Our first challenge as writers is to wake up to language again. The visual arts have much to teach us here. Most art students are given some version of the following assignment: go on a walk and find something to draw, or pick up five objects along the way and arrange them into a sculpture. Practice taking your writing out into the world with you. You might collect five words on the walk home from the bus, or wander your neighborhood and find something to describe—not with any intention of keeping your sentences, but as a form of training in seeing, the way artists sketch. Actually sketching is excellent too. Try this as an experiment: describe an object in your house, then draw the object, and then write a second description and compare the two. Which one do you like better? Scrap them both and write a third.
At the desk, there’s so much you can do to clarify your vision of your own writing. I like to map out my sentences on paper, highlighting the different clauses and parts of speech until I can truly see how the sentence is put together. Or can you find a paragraph you love—your own, or that of another writer—and figure out how to make it much, much worse? (If you can ruin it, you’ll have discovered what made it tick.) Love your computer but be wary of it—it’s brilliant because it’s convenient and flexible and keeps all your work, but it’s dangerous because it’s convenient and flexible and keeps all your work. Lacklustre or clichéd phrases can slip from draft to draft without your noticing. You might have cut or changed them if you’d been forced to copy them over again.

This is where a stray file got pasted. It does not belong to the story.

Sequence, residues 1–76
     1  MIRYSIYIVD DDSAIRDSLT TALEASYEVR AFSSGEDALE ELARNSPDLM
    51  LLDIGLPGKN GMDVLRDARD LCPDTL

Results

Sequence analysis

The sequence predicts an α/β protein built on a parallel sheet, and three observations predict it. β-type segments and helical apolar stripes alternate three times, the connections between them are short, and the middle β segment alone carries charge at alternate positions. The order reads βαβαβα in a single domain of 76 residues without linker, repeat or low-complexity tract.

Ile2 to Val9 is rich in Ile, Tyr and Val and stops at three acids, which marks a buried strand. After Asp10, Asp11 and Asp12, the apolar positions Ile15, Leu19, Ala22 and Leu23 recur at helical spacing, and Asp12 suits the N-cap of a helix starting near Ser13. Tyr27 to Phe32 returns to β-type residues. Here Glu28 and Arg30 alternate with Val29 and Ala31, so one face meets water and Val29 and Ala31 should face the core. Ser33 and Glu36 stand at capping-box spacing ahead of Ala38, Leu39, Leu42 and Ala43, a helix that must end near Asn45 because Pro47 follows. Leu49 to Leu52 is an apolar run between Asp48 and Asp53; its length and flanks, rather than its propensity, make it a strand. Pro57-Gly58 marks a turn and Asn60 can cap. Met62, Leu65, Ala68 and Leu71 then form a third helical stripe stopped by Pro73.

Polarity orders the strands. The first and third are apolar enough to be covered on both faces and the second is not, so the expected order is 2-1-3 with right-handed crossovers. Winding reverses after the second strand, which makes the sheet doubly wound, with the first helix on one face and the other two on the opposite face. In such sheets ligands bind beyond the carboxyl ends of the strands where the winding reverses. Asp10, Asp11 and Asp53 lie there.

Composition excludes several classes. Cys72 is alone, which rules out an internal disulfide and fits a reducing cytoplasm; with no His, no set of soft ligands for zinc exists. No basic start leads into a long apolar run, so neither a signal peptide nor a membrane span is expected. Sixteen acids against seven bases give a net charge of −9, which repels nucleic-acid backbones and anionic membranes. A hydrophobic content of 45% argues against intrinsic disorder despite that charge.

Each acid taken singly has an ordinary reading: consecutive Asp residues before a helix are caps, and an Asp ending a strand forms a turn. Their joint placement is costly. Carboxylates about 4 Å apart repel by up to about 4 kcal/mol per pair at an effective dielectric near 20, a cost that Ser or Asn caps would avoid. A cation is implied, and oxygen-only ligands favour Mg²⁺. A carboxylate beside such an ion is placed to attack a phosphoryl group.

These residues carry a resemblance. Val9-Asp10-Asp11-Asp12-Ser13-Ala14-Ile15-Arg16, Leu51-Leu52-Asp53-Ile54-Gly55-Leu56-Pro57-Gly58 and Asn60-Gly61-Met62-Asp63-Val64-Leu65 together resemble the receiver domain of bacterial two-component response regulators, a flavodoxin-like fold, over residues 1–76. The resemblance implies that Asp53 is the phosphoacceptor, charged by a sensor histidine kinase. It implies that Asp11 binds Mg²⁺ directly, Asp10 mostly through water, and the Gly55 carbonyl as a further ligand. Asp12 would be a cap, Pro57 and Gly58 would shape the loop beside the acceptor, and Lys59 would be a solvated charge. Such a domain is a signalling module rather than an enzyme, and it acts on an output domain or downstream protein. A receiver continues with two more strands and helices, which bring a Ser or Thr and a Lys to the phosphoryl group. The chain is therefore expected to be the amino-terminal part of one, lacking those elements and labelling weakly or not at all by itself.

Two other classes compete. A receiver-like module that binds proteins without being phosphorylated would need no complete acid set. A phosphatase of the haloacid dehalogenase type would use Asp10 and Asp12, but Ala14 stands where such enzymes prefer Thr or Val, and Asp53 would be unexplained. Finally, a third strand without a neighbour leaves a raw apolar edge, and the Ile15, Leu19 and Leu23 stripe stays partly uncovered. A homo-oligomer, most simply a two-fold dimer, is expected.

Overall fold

No sentence, phrase or image can be vivid objectively or in general; what is vivid is only vivid to someone. To create strong sensations through writing, we have to work with attention: first our own, and then the reader’s. When we take a patient and friendly approach to this difficult challenge, we are showing generosity and respect towards those who spend their time with us on the page. The reader, after all, is not only our audience but also our indispensable companion and colleague, since our work comes to full fruition only in their mind. A good image might be this: notice what you are offering your reader with as much eagerness and care as if the two of you were working together in a foundry, preparing to pour molten bronze into a new cast.
Isobel Wohl is a Brooklyn-based writer. A native New Yorker, she lived in London for seven years before returning to her home city.
Her first novel, Cold New Climate, was published by Weatherglass Books in April 2021 to excellent reviews. Lamorna Ash, writing in the TLS, described the book as “exceptionally good” and Wohl’s writing as “beautifully delicate.” In the Guardian, Lara Feigel wrote, “We’re left asking with pleasure: what will Isobel Wohl do next?”
Wohl is also the author of a short story collection, Winter Strangers (MA BIBLIOTHÈQUE, 2019). Her essays have appeared in Emerge, The Irish Times, and LitHub. She is also a visual artist. She is currently working on her second novel.